The Federation is a merciless, nightmarish bureaucracy that only exists because of its uneasy alliance with Space Command, headed by the seductive, selfish and utterly lethal Supreme Commander Servalan. All dissent is ruthlessly suppressed and even the inhabitants of the Federation’s homeworld, Earth, are dosed with drugs to keep them subservient. Blake’s cause was hopeless from the start, and that is what makes it so heroic.
His crew are not the willing freedom-fighting comrades of a futuristic Robin Hood, but hunted, damaged individuals simply trying to stay alive. This is what made Blake’s 7 so addictive – the interaction between the main characters (Blake and Avon especially). Season One sets the scene perfectly with its opening four episodes, then almost immediately begins to show us the futility of Blake’s cause. Blake and his crew are only ever able to inflict mere pinpricks on the totalitarian regime that threatens them, but we share their longing, their hopes and fears. We cheer at every minor victory and feel despair with every major defeat.”
My books, though fantasy, are heavily influenced by the gritty, black, old world, feel of Blakes 7.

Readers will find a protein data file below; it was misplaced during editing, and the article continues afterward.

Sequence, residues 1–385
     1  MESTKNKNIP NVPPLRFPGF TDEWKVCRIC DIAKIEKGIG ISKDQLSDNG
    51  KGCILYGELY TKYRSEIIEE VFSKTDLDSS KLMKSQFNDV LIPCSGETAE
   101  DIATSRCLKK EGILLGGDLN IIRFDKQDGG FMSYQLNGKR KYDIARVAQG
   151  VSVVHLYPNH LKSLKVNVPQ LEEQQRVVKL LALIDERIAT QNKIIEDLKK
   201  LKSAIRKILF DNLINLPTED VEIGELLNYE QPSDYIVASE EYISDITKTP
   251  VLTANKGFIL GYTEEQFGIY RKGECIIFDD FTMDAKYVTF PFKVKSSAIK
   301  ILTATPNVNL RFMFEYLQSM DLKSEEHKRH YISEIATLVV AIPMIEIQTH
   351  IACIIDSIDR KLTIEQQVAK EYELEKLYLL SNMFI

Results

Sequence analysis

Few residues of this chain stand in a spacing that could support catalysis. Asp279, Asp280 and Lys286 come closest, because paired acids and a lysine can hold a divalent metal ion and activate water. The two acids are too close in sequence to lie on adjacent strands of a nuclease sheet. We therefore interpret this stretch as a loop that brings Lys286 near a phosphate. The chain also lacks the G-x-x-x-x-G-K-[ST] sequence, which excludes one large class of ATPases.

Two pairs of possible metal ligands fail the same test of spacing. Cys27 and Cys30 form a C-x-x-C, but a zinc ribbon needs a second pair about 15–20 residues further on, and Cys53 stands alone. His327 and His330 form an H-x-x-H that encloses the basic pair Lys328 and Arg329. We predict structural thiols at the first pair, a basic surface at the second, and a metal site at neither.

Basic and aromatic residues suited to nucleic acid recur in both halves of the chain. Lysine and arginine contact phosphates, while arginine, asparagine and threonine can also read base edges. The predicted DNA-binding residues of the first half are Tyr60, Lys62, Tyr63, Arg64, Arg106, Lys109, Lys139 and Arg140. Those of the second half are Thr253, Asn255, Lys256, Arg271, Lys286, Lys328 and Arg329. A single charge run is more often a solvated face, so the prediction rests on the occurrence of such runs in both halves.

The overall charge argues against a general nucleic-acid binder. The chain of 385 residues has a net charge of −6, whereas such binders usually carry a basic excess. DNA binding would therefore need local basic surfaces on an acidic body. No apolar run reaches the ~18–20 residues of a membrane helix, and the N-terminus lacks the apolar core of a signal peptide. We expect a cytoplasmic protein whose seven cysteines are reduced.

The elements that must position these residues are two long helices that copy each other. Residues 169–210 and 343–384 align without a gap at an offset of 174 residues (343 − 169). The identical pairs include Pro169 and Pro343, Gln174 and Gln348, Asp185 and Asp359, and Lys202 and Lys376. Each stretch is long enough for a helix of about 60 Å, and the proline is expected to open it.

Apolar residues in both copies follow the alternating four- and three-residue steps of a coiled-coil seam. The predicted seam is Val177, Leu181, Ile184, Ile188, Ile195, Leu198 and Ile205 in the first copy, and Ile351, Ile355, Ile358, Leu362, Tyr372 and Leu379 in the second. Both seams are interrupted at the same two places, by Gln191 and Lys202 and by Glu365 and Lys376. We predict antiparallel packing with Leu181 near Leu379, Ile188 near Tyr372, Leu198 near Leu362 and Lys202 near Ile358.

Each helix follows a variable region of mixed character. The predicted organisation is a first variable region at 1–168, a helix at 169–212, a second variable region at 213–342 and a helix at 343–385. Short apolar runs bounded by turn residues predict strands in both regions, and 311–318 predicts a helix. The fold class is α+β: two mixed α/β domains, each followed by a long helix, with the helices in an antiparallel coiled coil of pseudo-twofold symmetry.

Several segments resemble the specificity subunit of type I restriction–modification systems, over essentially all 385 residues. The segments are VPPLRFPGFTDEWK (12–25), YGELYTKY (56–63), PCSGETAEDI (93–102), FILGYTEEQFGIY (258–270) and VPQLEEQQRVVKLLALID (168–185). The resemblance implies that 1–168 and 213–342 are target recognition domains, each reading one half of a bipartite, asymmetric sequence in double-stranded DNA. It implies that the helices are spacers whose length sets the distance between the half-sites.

3. The usual Suspects – Film -18. Bryan Singer’s film noir The Usual Suspects casts a mesmerising spell, with the plot luring the viewer into ever-deeper and darker places. According to director, Singer, the premise for the film evolved from a magazine article. What does the phrase “usual suspects” actually mean, who are they and what happens when you probe their identity? Here, they are five expert criminals and a crippled con man in a line-up. The story, told via flashbacks, interrogation scenes and explosive sequences of a heist gone wrong, is a labyrinth of sub-plots and red herrings.
For me this film is simple perfect. In some small way, I just hope I have managed to capture the essence of the complex and gripping storylines this film has.
4. Kind Hearts and Coronets – Film – 1949 – U. “Set in Victorian England, Robert Hamer’s 1949 masterpiece Kind Hearts and Coronets remains the most gracefully mordant of Ealing Comedies. Dennis Price plays Louis D’Ascoyne, the would-be Duke of Chalfont whose Mother was spurned by her noble family for marrying an Italian singer for love. Louis resolves to murder the several of his relatives ahead of him in line for the Dukedom, all of whom are played by Alec Guinness, in order to avenge his Mother–for, as Louis observes, ” revenge is a dish which people of taste prefer to eat cold”.